Founding Director & Editor-In-Chief

June 28, 2022 (Updated )

Today, Journo Resources turns six. I’ve been meaning to write a post about this for weeks. To be organised, to get it crossed off my to-do list early, to give someone else the chance to proof it. Yet, once again, here we are the day before, as I scramble to put my thoughts in some kind of sensible order.

Over the last couple of years I’ve written various birthday messages. Last year I wrote about the pressures of being seen as too big to fail but also too small to fly. The year before we pulled together some new features for the site, as a virtual birthday celebration of sorts. It always feels important to write something, but this year, I’ve struggled to know what to write.

A Year Of Ever Increasing Changes

A lot has changed for us over the last 12 months. Sometimes it’s hard to grapple quite how much. In the last twelve months, we’ve said goodbye to our first ever employee Faima (who’s now smashing it at HuffPost UK) and I’ve moved to working on Journo Resources full-time, something I never would have dreamed possible, even just 18 months ago.

Thanks to the Government Kickstart Scheme, we were joined by some incredibly talented young people for six months. Fern, Tom, Inayia Angel, and Hannah have put together incredible work while they’ve been with us, and I couldn’t be prouder of them and what they’ve gone onto achieve.

In the past year we’ve also welcomed our amazing new membership manager, Vuyokazi and our deputy editor Catharina. It’s fair to say I am in no way over the fact I now start three days by talking to other human beings. It feels such a joy and a privilege to now have a small part-time team of incredible people to share this mission with, and that’s before I even touch on our incredible regular freelancers Karen, Bex and April.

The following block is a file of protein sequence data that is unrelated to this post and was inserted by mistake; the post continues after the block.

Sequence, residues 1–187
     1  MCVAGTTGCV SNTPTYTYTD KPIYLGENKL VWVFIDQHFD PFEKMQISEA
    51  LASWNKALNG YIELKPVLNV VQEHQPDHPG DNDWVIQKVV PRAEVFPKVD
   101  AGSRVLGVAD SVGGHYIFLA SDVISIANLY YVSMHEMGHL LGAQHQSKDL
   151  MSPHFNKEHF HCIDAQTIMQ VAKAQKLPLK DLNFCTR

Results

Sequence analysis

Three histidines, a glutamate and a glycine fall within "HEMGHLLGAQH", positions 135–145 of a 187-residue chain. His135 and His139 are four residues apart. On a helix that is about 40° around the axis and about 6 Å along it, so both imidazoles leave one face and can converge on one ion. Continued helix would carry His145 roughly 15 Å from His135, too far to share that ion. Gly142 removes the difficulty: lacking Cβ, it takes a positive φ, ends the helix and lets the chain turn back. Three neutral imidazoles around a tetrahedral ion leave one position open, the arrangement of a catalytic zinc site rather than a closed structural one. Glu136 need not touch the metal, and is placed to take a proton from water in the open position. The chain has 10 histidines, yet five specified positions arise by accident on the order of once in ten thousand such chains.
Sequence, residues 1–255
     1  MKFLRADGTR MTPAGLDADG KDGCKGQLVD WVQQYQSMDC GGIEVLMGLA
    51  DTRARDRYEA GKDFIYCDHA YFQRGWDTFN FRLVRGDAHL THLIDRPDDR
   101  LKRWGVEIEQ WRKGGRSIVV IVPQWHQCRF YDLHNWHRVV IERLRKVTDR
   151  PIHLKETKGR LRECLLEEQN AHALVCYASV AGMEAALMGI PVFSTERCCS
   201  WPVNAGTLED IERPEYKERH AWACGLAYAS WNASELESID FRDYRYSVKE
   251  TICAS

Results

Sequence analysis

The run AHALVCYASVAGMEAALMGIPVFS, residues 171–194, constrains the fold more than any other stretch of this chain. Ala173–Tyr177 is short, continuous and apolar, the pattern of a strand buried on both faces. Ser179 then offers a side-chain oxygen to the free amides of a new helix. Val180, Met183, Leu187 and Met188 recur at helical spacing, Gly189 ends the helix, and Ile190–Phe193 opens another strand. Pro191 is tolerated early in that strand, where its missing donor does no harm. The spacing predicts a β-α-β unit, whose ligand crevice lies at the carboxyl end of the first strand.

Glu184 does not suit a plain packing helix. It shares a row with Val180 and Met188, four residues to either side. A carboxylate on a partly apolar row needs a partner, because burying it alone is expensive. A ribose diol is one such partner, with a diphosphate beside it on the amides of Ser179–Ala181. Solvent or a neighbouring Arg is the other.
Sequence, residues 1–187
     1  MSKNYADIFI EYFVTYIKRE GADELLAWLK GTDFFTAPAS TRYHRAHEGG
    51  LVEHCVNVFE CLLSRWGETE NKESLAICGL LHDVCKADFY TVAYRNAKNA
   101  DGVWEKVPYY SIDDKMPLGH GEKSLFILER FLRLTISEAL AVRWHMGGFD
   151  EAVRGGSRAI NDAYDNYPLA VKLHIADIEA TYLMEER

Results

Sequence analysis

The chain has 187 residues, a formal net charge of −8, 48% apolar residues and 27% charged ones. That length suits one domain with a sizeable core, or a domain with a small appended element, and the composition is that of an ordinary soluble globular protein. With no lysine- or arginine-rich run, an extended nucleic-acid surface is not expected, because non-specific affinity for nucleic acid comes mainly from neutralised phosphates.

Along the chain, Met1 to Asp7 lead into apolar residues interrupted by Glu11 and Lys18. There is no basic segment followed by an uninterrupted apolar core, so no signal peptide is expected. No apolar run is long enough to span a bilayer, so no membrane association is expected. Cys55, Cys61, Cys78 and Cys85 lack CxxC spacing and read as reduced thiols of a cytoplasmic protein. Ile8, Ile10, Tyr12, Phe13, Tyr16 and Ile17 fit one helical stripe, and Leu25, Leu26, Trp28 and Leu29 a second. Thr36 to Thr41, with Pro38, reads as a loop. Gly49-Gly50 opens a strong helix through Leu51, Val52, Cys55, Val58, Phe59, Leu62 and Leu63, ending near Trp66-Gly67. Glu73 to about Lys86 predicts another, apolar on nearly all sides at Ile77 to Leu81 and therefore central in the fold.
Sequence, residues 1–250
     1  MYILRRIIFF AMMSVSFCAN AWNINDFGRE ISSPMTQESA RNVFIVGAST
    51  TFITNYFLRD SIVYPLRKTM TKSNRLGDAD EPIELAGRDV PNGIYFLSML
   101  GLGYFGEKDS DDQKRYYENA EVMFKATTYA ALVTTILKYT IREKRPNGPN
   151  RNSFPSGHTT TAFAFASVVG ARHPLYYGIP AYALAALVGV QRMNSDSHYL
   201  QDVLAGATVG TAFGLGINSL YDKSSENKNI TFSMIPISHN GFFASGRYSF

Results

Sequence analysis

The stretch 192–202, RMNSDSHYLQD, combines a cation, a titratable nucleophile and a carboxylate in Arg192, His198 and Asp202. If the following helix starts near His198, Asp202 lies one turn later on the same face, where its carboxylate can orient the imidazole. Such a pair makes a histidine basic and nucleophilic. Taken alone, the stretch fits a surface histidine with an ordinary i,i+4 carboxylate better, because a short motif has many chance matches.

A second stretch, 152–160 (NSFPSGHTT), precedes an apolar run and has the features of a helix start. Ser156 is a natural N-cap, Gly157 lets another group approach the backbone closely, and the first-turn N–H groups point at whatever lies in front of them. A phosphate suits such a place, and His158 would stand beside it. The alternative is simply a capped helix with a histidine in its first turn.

Journo Resources

This birthday also feels more changeful in other ways. As we move further and further beyond the lockdowns of the past few years, the speed at which we’ve adapted our work and organisation also feels staggering.

In 2019, I was rushing around the country to hold conferences and events in as many regions as possible, culminating in our #JRLive event at Sheffield Hallam; an event I’m still proud of. Nowadays, we much more reasonably hold everything online, unless there’s a purposeful reason to meet in person.

A lot has happened over the past few years. And the further we go with building our mission, it feels like the pace only speeds up. The stakes seem higher. It reminds me of a phrase my partner often uses about “building the plane while you’re already flying”.  I often think about that quote as I look at my to-do list.

Increasing The Stakes, With Even More Hats

I often think of the phrase ‘building the plane while flying’. (Image Credit: Eva Darron / Unsplash)

Another reason I’ve found it hard to sit down and reflect this year is the increasing number of hats I find myself wearing. I’ll always identify as a journalist first off – it’s the reason this whole site exists – but my day-to-day is now very different.

I know how to run and operate a pension scheme, I do the monthly payroll from my phone. I scour the internet to find the right people to sell job adverts too, I pitch the business endlessly for sponsorships and try to write grant applications before the deadline.